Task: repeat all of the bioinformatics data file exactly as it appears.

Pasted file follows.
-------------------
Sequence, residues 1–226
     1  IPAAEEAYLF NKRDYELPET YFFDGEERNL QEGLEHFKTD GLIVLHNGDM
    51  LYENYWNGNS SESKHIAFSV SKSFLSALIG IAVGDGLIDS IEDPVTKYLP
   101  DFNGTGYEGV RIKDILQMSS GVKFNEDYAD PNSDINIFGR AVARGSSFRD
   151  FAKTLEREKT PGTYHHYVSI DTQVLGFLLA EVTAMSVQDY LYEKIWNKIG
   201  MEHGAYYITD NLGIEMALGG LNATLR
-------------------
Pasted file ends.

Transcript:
Sequence, residues 1–226
     1  IPAAEEAYLF NKRDYELPET YFFDGEERNL QEGLEHFKTD GLIVLHNGDM
    51  LYENYWNGNS SESKHIAFSV SKSFLSALIG IAVGDGLIDS IEDPVTKYLP
   101  DFNGTGYEGV RIKDILQMSS GVKFNEDYAD PNSDINIFGR AVARGSSFRD
   151  FAKTLEREKT PGTYHHYVSI DTQVLGFLLA EVTAMSVQDY LYEKIWNKIG
   201  MEHGAYYITD NLGIEMALGG LNATLR